I am glad you mentioned this Skylar. This is in Mandarin. There are a lot of toy poodles in China. Most small dogs I've seen are spoiled city dogs. These viral "cute" videos look borderline abusive because it is not good for their hips. When I was a child, I used to get upset about going to China where puppies were sold on the side of the road in cages. There is a lack of animal rights in China because people weren't permitted to have pets until recently. The situation has improved a lot.

Dogs should not have to hurt themselves for people's entertainment. Vita, I know when you started the thread, it was well-meaning. Unfortunately, I'm afraid most people are sad when they see this.
 

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This video me sad. We have to be sooo careful how we speak to our poodles, they understand so much and are so sensitive...

...It's like it's a mutant poodle with the mind and emotions of a human. To be a dog and to be that intelligent yet powerless seems a hell no dog should ever have. I'm all for 'smart', but too smart is not a good a thing in a dog.
...These viral "cute" videos look borderline abusive because it is not good for their hips... There is a lack of animal rights in China because people weren't permitted to have pets until recently. The situation has improved a lot.

Dogs should not have to hurt themselves for people's entertainment. Vita, I know when you started the thread, it was well-meaning. Unfortunately, I'm afraid most people are sad when they see this.
I wasn't trying to entertain anyone with this video, maybe you missed the part where I said it made me sad, and my point has to do with over-the-top intelligence and sensitivity of some poodles. When I watched the poodle in the video, I thought, My God, have some of them intellectually evolved?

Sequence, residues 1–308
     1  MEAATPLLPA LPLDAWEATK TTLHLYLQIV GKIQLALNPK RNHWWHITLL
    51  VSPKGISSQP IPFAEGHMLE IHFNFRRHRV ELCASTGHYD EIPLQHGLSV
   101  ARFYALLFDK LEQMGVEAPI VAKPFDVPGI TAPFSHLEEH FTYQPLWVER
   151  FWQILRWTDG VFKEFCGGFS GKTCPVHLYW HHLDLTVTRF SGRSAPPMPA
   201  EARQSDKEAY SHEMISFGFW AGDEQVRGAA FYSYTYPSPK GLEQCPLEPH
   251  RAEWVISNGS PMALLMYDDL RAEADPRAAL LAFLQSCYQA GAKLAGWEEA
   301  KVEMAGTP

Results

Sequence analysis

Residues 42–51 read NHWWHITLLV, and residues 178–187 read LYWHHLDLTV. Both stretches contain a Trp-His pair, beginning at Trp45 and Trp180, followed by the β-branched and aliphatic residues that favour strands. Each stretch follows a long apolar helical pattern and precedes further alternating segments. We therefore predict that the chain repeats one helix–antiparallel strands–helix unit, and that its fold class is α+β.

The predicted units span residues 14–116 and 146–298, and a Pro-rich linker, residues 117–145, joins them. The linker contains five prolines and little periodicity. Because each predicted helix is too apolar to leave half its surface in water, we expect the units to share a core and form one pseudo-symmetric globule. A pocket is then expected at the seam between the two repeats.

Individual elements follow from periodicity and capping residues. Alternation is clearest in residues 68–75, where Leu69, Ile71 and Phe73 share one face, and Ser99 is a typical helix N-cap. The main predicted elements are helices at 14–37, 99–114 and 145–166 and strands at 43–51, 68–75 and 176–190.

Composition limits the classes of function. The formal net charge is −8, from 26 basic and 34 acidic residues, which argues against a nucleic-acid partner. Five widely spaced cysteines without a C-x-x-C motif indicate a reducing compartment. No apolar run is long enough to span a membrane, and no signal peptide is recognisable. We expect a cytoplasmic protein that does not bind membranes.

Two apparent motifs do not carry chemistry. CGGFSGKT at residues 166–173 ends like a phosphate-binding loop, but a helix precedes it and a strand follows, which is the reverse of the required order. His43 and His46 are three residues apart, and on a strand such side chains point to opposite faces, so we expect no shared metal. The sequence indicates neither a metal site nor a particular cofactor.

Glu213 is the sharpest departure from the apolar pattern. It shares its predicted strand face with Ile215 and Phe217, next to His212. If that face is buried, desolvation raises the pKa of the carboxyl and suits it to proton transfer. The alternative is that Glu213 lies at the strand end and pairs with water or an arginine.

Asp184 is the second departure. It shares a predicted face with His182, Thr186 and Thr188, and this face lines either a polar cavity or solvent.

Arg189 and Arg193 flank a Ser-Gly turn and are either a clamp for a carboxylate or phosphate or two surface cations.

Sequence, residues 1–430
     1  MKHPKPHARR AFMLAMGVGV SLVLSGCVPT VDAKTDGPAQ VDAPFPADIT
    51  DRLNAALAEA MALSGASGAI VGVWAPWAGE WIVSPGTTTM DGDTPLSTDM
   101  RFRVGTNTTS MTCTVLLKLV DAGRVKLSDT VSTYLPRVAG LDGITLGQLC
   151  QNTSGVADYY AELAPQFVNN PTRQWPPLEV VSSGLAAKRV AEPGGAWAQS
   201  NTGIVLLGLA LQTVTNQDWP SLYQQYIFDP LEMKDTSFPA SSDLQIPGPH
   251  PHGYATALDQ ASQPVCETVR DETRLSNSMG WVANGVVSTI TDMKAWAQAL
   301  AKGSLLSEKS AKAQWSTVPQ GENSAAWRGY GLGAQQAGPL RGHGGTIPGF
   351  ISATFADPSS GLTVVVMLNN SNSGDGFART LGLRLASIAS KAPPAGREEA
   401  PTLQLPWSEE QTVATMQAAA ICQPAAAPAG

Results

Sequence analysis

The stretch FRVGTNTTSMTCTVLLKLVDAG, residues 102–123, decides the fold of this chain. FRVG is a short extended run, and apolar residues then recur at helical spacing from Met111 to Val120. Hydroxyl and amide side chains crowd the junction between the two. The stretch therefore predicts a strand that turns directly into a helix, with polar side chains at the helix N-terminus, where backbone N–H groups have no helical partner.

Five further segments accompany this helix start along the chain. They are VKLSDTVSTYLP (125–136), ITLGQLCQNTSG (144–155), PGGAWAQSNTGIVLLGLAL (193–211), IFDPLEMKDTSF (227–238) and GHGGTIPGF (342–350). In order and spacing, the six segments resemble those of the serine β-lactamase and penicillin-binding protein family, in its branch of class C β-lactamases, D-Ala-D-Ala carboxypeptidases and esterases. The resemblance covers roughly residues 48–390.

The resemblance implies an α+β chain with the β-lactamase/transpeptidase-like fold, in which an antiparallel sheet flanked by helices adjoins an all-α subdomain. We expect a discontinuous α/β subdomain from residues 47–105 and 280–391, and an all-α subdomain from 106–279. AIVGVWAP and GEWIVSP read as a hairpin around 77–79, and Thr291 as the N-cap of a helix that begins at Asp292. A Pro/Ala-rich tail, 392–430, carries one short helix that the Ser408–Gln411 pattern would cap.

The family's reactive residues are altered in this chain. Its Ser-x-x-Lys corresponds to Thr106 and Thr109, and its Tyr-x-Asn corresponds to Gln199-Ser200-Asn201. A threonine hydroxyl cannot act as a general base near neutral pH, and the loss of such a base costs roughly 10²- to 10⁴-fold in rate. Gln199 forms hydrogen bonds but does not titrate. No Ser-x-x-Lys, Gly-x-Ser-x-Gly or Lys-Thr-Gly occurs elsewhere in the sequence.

That would not be a good thing. It's too human, so human that it hurts to see it placed with an owner who doesn't seem to understand this.

It's like a dog, even a poodle, "should be" more like this, at least to some degree:

...I know poodles have a reputation of being smart, sensitive, and understanding but if I try and scold Willard, he just looks back at me with a big dopey smile.
When I say "No bark" to Bella, she doesn't act like that video poodle. She runs to me where I pet her and say, "It's okay, no bark, no one is out there to worry about." And she wags her tail and is reassured. She does not up on two legs like a human with facial expressions of guilt and fear. If she did, I think I'd freak out. And if she started talking, well... I dunno.

But that other little guy looks like if you left him alone in front of a computer he'd start a blog. Can you imagine a mutant poodle genius? Everything would be up for discussion and debate and end in tears by one or both of you. Your poodle might even hire an attorney.

But silliness aside, the genius poodles makes me consider how powerless a dog is with their owner b/c you can see it so clearly with that one. It gives me shudders because not all poodle owners are sensitive.
 

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I broke my iPad a few nights ago. This thing has fallen off the stand a million times but of course it breaks now. It was pretty sudden and caught me off guard. I鈥檝e been so scattered brained and forgetting random things that are said to me moments before. Sorry for misreading the thread.